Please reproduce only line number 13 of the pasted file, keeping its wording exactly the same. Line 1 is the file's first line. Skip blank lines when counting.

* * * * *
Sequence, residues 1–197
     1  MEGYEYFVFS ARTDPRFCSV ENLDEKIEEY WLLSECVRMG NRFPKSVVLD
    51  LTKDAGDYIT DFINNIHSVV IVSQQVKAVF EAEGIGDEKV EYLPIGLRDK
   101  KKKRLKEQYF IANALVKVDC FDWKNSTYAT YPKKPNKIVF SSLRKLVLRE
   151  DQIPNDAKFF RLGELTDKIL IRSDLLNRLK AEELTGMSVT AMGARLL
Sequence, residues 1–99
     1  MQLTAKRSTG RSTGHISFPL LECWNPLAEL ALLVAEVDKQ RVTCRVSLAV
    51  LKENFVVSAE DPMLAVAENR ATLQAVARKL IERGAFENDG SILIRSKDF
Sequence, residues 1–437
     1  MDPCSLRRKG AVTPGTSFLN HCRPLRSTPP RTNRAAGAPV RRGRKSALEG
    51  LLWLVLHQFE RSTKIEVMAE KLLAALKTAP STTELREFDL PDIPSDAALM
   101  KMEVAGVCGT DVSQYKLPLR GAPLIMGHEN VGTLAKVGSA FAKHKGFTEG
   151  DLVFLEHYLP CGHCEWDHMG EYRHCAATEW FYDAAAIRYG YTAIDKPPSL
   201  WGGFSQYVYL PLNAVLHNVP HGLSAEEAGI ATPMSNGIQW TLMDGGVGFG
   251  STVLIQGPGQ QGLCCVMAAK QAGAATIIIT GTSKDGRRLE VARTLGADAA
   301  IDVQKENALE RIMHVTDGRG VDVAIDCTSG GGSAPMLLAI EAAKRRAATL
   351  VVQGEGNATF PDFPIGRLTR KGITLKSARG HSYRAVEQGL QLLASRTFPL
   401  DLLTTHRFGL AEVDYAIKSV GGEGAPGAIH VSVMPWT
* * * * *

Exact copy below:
   151  DLVFLEHYLP CGHCEWDHMG EYRHCAATEW FYDAAAIRYG YTAIDKPPSL